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Depression in epilepsy: a critical review from a clinical perspective

Abstract

Depression is a serious and frequent comorbidity of epilepsy and other neurological conditions. Here, we review recent studies on the relationship between epilepsy and depression with regard to diagnostic criteria, epidemiology, etiology and treatment. Depression in epilepsy can be described in the general framework of the diathesis–stress model: chronic stress exposure owing to the 'burden of epilepsy' and learned helplessness due to the threat of recurrent seizures as unpredictable aversive events represent psychological risk factors for the development of depression. Epilepsy-related factors (for example, focus site or side) have shown little effect on mood. Nonepileptic individuals who are adversely affected by seizures (for example, parents of pediatric patients with epilepsy, and patients with psychogenic nonepileptic seizures) show increased levels of depression, similar to patients with epilepsy. However, seizures, subclinical hypersynchronous neural discharges and some antiepileptic drugs may cause acute states of depressive mood or depression on a purely neurobiological basis. Antidepressant drugs and psychotherapy have shown moderate efficacy in the treatment of depression comorbidity, but randomized controlled trials in patients with epilepsy are lacking, especially for drugs.

Key Points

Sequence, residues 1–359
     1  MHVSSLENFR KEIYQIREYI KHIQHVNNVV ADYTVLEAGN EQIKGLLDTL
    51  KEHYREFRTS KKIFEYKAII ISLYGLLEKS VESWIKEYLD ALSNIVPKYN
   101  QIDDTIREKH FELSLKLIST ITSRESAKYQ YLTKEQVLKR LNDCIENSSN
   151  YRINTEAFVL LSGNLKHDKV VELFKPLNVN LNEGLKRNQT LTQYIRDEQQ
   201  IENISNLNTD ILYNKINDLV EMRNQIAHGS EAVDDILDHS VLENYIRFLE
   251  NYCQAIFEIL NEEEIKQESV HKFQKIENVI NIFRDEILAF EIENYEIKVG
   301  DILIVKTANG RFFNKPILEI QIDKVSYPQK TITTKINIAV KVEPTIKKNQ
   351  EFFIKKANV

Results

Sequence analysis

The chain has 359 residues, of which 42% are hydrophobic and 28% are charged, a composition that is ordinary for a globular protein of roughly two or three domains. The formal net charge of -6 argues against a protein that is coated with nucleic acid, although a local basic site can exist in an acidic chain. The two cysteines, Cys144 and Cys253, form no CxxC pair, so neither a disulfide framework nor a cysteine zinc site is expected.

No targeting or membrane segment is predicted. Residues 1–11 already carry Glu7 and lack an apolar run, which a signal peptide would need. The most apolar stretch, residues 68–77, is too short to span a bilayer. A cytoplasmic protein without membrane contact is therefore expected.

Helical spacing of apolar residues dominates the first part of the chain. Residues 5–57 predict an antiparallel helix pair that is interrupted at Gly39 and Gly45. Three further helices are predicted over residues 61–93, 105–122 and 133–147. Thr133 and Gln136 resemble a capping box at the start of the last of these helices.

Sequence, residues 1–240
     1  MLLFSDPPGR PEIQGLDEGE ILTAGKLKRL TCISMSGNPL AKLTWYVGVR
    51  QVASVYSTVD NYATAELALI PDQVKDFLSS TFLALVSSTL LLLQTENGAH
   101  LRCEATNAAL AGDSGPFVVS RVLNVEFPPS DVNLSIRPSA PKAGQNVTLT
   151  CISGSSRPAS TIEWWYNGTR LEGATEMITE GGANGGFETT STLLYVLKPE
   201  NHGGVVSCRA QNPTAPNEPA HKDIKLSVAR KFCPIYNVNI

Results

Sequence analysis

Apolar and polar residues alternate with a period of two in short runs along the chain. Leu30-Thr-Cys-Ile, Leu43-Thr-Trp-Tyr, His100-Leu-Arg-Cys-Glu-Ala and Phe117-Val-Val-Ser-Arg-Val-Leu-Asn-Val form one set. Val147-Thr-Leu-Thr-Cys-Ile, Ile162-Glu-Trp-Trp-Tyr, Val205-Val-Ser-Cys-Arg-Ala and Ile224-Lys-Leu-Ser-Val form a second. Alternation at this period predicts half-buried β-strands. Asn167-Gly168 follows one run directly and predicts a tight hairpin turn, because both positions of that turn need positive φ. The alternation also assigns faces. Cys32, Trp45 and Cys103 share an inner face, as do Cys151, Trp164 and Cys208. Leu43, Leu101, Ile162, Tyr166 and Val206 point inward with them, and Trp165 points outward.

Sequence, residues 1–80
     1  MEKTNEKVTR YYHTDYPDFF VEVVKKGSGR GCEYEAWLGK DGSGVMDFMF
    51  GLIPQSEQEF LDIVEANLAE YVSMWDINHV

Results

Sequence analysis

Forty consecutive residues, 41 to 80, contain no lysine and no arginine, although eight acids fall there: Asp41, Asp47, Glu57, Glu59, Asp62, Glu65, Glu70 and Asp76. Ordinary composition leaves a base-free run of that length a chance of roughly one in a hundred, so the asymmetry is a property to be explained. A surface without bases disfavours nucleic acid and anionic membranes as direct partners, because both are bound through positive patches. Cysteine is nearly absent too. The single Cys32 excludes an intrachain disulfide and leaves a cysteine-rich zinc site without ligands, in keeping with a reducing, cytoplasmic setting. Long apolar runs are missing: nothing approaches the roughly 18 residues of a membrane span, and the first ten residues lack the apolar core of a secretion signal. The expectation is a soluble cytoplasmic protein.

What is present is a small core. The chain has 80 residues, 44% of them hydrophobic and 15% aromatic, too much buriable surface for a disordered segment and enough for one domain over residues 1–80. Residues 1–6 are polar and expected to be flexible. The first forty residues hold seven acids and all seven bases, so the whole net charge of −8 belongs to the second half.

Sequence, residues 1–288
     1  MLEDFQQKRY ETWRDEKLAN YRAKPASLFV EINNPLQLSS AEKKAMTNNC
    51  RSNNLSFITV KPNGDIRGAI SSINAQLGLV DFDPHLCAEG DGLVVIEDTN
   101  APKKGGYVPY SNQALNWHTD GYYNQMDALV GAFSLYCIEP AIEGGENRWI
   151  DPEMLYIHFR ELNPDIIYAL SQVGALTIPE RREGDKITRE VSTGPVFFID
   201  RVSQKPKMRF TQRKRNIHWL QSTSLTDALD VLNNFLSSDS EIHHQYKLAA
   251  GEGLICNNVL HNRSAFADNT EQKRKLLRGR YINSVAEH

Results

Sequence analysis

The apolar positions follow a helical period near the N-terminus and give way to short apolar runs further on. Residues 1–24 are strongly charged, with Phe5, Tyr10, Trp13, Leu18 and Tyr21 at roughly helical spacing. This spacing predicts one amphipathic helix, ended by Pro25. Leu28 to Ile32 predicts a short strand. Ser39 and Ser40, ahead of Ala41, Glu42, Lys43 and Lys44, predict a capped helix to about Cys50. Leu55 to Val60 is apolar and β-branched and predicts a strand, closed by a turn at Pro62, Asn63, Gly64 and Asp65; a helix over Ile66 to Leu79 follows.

• Depression is a frequent comorbidity of epilepsy

  • Depression comorbidity in epilepsy can be explained in the framework of the diathesis–stress model

  • Seizures, subclinical hypersynchronous neural discharges and some antiepileptic drugs may cause acute states of depressive mood on a purely neurobiological basis

  • Nonepileptic individuals who are adversely affected by seizures (for example, parents of pediatric patients, and patients with psychogenic seizures) show elevated levels of depression, similar to patients with epilepsy

  • Antidepressants and psychotherapy seem to have a comparable, moderate antidepressant effect, but randomized controlled trials are lacking, particularly for drugs

  • More-comprehensive approaches to the understanding and treatment of depression and suicidality in epilepsy, which combine drug treatment with psychotherapy and rehabilitative care, need to be developed

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Figure 1: Patient complexity.

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C. Hoppe researched the data for and wrote the article. C. Hoppe and C. E. Elger contributed equally to discussions of the content and to review and/or editing of the manuscript before submission.

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Hoppe, C., Elger, C. Depression in epilepsy: a critical review from a clinical perspective. Nat Rev Neurol 7, 462–472 (2011). https://doi.org/10.1038/nrneurol.2011.104

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